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Linux Foundation Launches Open-Source Effort for Energy Management

The Linux Foundation launched on July 12 its latest effort—LF Energy, an open-source coalition for the energy and power management sector.

The LF Energy coalition is being backed by French transmission system operation RTE, Vanderbilt University and the European Network of Transmission System Operators (ENTSO-E). With LF Energy, the Linux Foundation is aiming to replicate the success it has seen in other sectors, including networking, automotive, financial services and cloud computing.

“The LF Energy Foundation will be an umbrella project of the Linux Foundation, supporting numerous separate and individual projects within the energy and electricity sectors, similar to Hyperledger, the Cloud Native Computing Foundation and LF Networking,” Shuli Goodman, LF Energy executive director, told eWEEK. “Like many Linux Foundation projects, including Linux and AGL [Automotive Grade Linux], LF Energy is building the plumbing upon a common infrastructure to enable energy companies and solution providers to differentiate at higher value layers and services.”

The Linux Foundation is a multi-stakeholder organization that hosts multiple efforts as part of its Collaborative Projects roster. The overall goal of the Linux Foundation is to help enable open source code development and collaboration processes. Goodman noted that the open-source model framework that LF Energy will be working toward will help reduce cost and integration complexity at non-differentiating layers. As a result, she said power system providers will be empowered to achieve time to market, scale and efficiency much faster than ever before.

LF Energy Projects

There are four initial projects that are part of LF Energy, with more likely to be added in the coming months. The OperatorFabric is a smart assistant for system operators. The Let’s Coordinate project builds on the OperatorFabric to enable operator collaboration. The Resilient Information Architecture Platform for Smart Grid (RIAPS) provides services for building effective distributed applications. The PowSyBl Framework provides reusable modular components for performance computing platforms that enable grid modeling.

PowSyBl is RTE’s high-performance computing platform for real-time to long-term planning and simulation that has been tested and used with 10,000 cores, according to Goodman. She said it will be integrated into OperatorFabric to drive artificial intelligence and machine learning for remediation and decision support.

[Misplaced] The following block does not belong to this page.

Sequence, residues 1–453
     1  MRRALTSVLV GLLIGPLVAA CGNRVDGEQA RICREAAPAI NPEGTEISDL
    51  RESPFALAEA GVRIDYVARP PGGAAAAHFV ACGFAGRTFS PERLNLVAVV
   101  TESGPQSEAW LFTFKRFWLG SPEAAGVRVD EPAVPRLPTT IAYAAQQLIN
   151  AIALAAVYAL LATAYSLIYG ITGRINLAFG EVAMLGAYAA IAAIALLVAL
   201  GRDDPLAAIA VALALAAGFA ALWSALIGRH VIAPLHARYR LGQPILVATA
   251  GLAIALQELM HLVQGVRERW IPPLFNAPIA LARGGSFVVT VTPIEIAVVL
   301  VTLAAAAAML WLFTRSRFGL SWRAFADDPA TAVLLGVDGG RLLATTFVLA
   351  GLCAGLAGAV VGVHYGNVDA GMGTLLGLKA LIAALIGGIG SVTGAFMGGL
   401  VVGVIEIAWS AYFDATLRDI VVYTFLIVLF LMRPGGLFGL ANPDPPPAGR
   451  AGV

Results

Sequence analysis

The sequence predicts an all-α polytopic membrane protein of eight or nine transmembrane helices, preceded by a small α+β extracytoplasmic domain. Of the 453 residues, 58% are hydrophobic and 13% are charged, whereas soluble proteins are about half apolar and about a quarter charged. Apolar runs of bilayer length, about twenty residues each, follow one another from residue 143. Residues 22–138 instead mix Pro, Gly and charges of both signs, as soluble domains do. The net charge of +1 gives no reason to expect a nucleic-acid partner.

“RTE developed the OperatorFabric Project and the Let’s Coordinate Project internally and delivered the PowSyBL as an open-source project hosted on GitHub,” Goodman said. “The Resilient Information Architecture Platform for Smart Grid project [RIAPS] is a second year ARPA-E [Advanced Research Projects Agency-Energy] project, developed mainly by Vanderbilt University, which is hosted on GitHub.”

With some open-source efforts, the goal is to create a reference architecture that organizations can implement. Goodman said LF Energy’s goal is to curate and standardize open-source reusable components that use open APIs and interfaces through project communities so that the energy ecosystem can then adopt into platforms and solutions. 

“We also believe there is no one reference architecture because this is such a complex layered environment,” Goodman said. “There are so many parts to the energy economy.”

Open Source 

The impact of LF Energy will not just be limited to energy operators and can potentially have impact across multiple Linux Foundation efforts, data centers and industries.

“Power and energy are the lifeblood of our economy,” Goodman said. “LF Energy can potentially work across projects to capitalize on efforts to globally decarbonize our economies through energy efficiency, demand response, distributed generation and communication across the various system interfaces.”

Goodman said she sees synergies already with the Linux Foundation’s automotive and networking efforts. She said the communication between hardware and devices is pretty much the same for networking and energy systems, despite each industry thinking the problem is uniquely their own. 

“There are already signs that NFV [network function virtualization] and SDN [software-defined networking] will be the next big thing for energy,” Goodman said. “In a year from now, I’d like to see LF Energy projects in data centers and electric mobility, addressing use cases for connected assets, buildings, vehicles, distribution systems and homes.”

Sean Michael Kerner is a senior editor at eWEEK and InternetNews.com. Follow him on Twitter @TechJournalist.

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